Chile’s Maipo Region

Chile’s Maipo Region

1-maipo3_01This month we zero in on the Maipo Valley, one of four wine regions within the vast Central Valley of Chile. Maipo lies immediately east of Chile’s capital city Santiago (in fact, Maipo’s border starts within city limits). It is one of the oldest wine regions in Chile—the first vines were planted in the 1540s, around the time that Santiago was founded. Viticulture expanded in the 1800s and many new wineries opened, including estates that remain iconic today such as Cousiño Macul, Santa Rita, and Concha Y Toro.

While many grapes thrive here—merlot, syrah, carmenére and chardonnay—this is cabernet sauvignon territory. It is by far the most planted grape in the Maipo, and produces some of the best cabernet sauvignons in Chile. Maipo is sometimes referred to as the “Bordeaux of Chile” for the richly structured cabernets it has turned out over the past two decades.

Maipo is divided into three regions. Alto (Upper) Maipo spreads over the foothills of the Andes Mountains, gaining 2,600 feet of altitude in some areas. The mountainside effects of thin soil, warm days, and cool nights combine to create cabernets with bold fruit flavors and dense concentration. The warmer Central Maipo lies below these foothills on clay-based soils, producing riper, more rustic cabernet sauvignons and some wonderful carmenéres. Lastly, the Pacific Maipo is home to more winemaking facilities than vineyards. The vines that do grow here are tucked up against hills to protect the vines from the whipping winds off the Pacific Ocean.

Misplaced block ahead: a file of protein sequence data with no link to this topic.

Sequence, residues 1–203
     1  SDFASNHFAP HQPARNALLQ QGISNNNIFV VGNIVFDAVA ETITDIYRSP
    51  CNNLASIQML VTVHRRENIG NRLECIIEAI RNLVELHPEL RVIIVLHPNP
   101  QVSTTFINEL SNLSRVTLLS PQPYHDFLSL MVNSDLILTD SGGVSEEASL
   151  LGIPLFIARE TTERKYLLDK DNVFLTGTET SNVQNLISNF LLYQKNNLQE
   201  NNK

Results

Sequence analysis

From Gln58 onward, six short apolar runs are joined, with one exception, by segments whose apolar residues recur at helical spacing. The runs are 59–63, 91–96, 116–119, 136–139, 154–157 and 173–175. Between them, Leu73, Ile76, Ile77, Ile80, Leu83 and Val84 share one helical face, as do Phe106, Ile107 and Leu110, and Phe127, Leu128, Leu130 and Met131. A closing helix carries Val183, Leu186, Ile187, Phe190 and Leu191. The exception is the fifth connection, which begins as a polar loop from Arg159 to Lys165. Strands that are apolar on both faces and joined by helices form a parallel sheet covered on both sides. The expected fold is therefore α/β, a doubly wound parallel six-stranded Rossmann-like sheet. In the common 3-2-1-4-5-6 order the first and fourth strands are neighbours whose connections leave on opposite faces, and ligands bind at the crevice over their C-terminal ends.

Try some of the best of the Maipo for under $50:

VIÑA SANTA CAROLINA “Reserva de la Familia” Cabernet Sauvignon 2011 (Maipo Valley) $20
CONCHA Y TORO ( “Terrunyo” Cabernet Sauvignon 2009 (Maipo Valley) $36
ANTIYAL Carmenére 2011 (Maipo Valley) $49

Have a favorite cabernet from Maipo? Tell us about it here.

Photo Credit: Concha y Toro

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